Malware. A data breach. Viruses.
These are just a few of the cybersecurity threats that lurk near your business, waiting to cost you money and damage your reputation.
One can get a glimpse at how serious a security event is by knowing whether the event must be reported to anyone.
For the first time in its annual U.S. State of Cybercrime survey, CSO asked respondents whether they needed to notify individuals or regulators of a security breach. Almost a quarter—24 percent—of enterprise respondents and 12 percent of SMB respondents said they had to notify individuals of a breach. Meanwhile, 23 percent of enterprise and 5 percent of SMB respondents had to notify regulators.
It’s often difficult to detect a breach immediately. In fact, the survey found that network intrusions typically go undetected for more than 108 days, more than two more weeks longer than last year.
“Given the increase in both budget and attention for security,” Michael Nadeau writes, “the longer detection times seem to indicate that hackers are getting better at avoiding mechanisms put in place to identify their activities.”
With so many incoming threat vectors, businesses can’t afford to have just one security strategy anymore. They must defend themselves with a comprehensive strategy that pulls together and layers in multiple technologies.
That’s where unified threat management can help.
What Is Unified Threat Management?
Unified threat management, or UTM, is the single solution that ties together a collection of security services that includes:
- Network firewall
- Messaging security
- Intrusion detection and prevention
- Content filtering
- Leak prevention
In short, UTM brings together many components of cybersecurity to effectively detect and manage security threats.
What Are The Benefits of Unified Threat Management?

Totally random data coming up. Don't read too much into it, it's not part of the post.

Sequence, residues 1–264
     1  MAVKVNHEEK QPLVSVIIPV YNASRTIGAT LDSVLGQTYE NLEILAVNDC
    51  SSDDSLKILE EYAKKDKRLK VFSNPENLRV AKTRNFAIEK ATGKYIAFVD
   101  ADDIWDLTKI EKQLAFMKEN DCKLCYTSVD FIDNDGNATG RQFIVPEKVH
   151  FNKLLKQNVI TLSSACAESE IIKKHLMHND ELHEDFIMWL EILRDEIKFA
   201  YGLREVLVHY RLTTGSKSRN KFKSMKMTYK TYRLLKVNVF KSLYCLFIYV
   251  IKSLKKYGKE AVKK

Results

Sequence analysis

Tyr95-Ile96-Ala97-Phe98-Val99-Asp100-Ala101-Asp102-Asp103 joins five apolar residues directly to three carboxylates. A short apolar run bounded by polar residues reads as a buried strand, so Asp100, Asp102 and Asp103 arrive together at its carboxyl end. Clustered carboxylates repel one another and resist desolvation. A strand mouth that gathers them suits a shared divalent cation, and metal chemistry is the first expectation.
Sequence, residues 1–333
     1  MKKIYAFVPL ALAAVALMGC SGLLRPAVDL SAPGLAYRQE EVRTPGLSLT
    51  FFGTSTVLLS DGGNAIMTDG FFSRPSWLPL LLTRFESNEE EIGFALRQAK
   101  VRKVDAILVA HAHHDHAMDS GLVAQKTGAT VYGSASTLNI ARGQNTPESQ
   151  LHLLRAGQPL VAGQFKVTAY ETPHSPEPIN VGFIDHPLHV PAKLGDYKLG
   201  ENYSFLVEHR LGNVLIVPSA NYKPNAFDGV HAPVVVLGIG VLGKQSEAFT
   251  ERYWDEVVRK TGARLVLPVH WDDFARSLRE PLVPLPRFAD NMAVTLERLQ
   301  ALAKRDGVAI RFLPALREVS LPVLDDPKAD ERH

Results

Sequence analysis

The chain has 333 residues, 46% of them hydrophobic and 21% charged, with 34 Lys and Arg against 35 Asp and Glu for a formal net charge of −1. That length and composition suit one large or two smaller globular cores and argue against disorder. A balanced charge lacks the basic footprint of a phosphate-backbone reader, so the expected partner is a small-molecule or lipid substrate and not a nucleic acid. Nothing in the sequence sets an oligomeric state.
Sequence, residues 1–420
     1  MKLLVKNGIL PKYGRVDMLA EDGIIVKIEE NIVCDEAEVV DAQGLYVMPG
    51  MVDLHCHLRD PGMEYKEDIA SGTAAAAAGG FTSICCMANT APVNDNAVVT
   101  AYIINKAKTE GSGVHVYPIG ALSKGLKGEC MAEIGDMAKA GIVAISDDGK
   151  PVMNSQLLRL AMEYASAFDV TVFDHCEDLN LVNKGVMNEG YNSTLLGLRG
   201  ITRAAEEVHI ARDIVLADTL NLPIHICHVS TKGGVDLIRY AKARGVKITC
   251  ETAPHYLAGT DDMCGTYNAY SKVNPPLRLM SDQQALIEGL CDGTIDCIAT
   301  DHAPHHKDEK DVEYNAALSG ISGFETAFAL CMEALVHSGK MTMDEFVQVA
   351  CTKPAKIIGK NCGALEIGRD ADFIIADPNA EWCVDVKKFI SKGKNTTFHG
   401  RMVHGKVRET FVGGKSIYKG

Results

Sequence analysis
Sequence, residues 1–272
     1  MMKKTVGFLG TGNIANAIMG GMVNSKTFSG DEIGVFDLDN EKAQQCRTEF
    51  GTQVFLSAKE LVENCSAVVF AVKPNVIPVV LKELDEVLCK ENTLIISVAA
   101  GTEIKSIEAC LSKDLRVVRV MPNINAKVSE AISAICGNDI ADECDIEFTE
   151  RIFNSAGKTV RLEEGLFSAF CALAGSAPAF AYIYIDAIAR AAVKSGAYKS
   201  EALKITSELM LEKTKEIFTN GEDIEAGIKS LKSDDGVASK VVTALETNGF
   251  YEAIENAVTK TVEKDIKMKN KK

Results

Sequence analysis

As cybersecurity threats become more sophisticated, so must cybersecurity defenses. Malware attacks, for example, may target multiple parts of your network simultaneously.
Unified threat management offers many benefits to mitigate these risks.
- One appliance and one vendor - Instead of reaching out to different vendors and locking down multiple appliances, UTM helps you consolidate these into one. Reduce infrastructure to just one device on premises.
- Cloud deployment - Like many technologies, UTM can be deployed and managed from the cloud. This increases productivity and makes for seamless provisioning.
- Lower costs - UTM may help you reduce your power consumption, your data center footprint, and simplify your network infrastructure and architecture. All of these result in savings for your business.
One caveat about UTM is that, while you have one source to go to for controls, you also have one source if and when the system fails. For that reason, you may consider a backup strategy for anything that may get past the UTM solution.
Overall, unified threat management is a great cybersecurity strategy to implement for your business. Please consider incorporating a UTM before it’s too late.